Photon and Neutron (PaN) facilities are extremely powerful sources of X-rays and neutrons used for a wide range of research domains, spanning from cultural heritage to life science and material science. The different beams are used to analyse samples and obtain data and high-resolution images up to the nano-scale that help us better understand how matter and biological processes work. Together these facilities produce petabytes of high-value datasets of unique samples which should be kept for posterity. With the appropriate data treatment and interpretation, these data turn into precious knowledge.
To meet the challenges given by the ever-increasing amount and volumes of data and by data fragmentation, in 2015 the European Commission proposed a new concept: the European Open Science Cloud – EOSC, aiming to provide scientists with access to data, software and services from as many scientific data sources in Europe as possible, by making them FAIR (Findable, Accessible, Interoperable, Reusable) across facilities and scientific domains.
The PaN community commitment to Open Science, FAIR data and the EOSC is structured around the PaNOSC Science Cluster, that represents European Research Infrastructures (RIs), developing and providing services for its scientific community and connecting these to the EOSC. The PaNOSC science cluster is one of 5 science clusters in Europe working together to help scientists adopt FAIR data and Open Science best practices.
The PaNOSC Science Cluster was born from the EC-financed projects to kickstart the building of the EOSC (among these were the now completed PaNOSC [2018-2022] and ExPaNDS [2018-2023] projects, which gathered the majority of PaN facilities in Europe).
Since then, the PaNOSC Science Cluster has continued to commit to Open Science, as reflected in the LEAPS and LENS data strategy. FAIR and open data has indeed become a higher priority for facilities to allow its users to better analyse their own experimental data that is becoming ever larger and more complex, to enable the reproducibility of results, and to open facilities data archives for reanalysis to support new discoveries, using for example, Machine Learning.
An updated FAIR implementation framework is now available for all PaN facilities. This framework serves as a toolkit of practical guidance and tools that facilities can use to evolve their systems and processes to deliver FAIR data as it leaves the facility. Facilities are encouraged to update their policies accordingly. The framework covers various aspects, including defining FAIR data policies, establishing metadata standards for annotating data, providing tools and processes for managing experimental data by both humans and machines, adopting suitable PIDs for research entities, implementing active data management plans (DMPs), and conducting FAIR self-assessment.
The FAIR data services currently available to the PaN community include:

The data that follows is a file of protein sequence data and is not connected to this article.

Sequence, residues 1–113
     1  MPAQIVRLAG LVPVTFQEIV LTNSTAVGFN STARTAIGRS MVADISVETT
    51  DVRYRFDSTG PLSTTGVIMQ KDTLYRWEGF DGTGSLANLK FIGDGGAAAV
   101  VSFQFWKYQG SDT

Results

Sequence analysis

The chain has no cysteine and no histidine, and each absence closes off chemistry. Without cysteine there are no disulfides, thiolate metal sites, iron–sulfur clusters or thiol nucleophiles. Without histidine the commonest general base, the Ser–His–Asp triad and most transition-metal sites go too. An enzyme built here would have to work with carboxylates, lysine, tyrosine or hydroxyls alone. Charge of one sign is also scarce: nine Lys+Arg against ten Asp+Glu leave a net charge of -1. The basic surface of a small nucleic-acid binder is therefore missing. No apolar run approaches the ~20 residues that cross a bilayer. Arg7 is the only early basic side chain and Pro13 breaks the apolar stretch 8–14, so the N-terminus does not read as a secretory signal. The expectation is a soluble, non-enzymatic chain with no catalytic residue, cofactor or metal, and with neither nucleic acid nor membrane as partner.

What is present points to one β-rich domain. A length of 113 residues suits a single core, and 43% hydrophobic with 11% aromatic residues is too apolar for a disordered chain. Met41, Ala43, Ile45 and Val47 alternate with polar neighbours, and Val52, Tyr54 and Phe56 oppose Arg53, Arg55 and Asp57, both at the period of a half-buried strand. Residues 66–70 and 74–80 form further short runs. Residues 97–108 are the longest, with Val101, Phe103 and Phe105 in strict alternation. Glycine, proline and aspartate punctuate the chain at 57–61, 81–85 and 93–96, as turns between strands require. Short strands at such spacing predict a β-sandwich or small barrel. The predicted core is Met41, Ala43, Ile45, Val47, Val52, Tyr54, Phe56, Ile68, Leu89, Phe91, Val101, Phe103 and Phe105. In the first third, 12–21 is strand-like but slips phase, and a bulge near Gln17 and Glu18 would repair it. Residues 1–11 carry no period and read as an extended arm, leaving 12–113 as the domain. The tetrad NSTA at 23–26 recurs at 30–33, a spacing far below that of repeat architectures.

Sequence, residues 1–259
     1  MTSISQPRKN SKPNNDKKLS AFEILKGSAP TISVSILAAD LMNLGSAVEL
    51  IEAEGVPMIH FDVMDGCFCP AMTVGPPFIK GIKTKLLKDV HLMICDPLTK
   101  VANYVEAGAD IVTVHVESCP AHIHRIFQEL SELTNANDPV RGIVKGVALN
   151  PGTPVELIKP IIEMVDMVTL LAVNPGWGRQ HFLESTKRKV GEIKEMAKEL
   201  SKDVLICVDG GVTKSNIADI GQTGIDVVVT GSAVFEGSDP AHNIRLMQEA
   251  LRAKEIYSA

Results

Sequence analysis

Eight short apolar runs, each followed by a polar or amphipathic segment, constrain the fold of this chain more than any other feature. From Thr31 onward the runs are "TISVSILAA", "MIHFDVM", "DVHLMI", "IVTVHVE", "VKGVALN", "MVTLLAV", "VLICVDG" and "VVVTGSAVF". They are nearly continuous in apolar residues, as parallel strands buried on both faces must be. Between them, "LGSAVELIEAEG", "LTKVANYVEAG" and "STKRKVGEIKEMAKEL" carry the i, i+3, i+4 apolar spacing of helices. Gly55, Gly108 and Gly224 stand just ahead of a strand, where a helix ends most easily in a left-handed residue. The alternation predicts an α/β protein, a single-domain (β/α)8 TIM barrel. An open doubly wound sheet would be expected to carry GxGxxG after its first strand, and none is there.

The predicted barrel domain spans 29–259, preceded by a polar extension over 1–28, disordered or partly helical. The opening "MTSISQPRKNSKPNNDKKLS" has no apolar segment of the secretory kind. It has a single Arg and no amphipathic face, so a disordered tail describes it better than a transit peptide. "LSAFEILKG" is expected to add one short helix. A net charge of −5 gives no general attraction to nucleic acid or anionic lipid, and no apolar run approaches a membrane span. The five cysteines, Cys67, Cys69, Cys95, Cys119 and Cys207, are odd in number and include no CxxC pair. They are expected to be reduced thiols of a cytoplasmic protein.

- A PaN e-learning platform and a training catalogue
- A single AAI (Umbrella ID) enabling users to login to multiple applications and websites with one single set of credentials
- A federated search API for PaN data catalogues
- An Open Data Portal for searching and downloading data
- A standard protocol to enable third-party EOSC aggregators to harvest PaN open data and metadata
- The Virtual Infrastructure for Scientific Analysis – VISA, allowing access to data, software and services for data analysis and simulation using remote desktops and/or Jupyter notebooks in the browser
- A PaN software catalogue of packages relevant to the user community
- A framework for a common metadata schema, including an ontology of PaN techniques
- A standard data format (NeXus)
What is our vision?
In the long-run, PaNOSC envisions the availability and accessibility of a PaN Data Commons serving the PaN community of RIs and scientists.
Data Commons aggregate data from a wide range of sources into a unified database to make it more accessible and useful (https://datacommons.org).
The PaN Data Commons is envisioned as a common space for all PaN facilities, where petabytes of PaN FAIR data, analysis software, notebooks, workflows, and training material can be FAIR, i.e., Found, Accessed (downloaded and/or executed), Re-Used + Improved.
It would allow remote access, as it will be accessible remotely while being executed locally (close to the data) or via the EOSC (data needs to be moved). It would also enable and encourage remote users and experiments (as was urgently required in the post-COVID-19 phase and to tackle climate change challenges).
Some useful examples have been taken as benchmarks. These span the COVID-19 portal, the ESCAPE Virtual Observatory, and more from the other clusters. An example of domain-specific open data publishing is the Human Organ Atlas.
Overall, a guiding principle for the future implementation of the PaN Data Commons is that petabytes of data stored are kept forever not to waste the great amount of knowledge produced by the scientists, a gold mine of data waiting to be reused.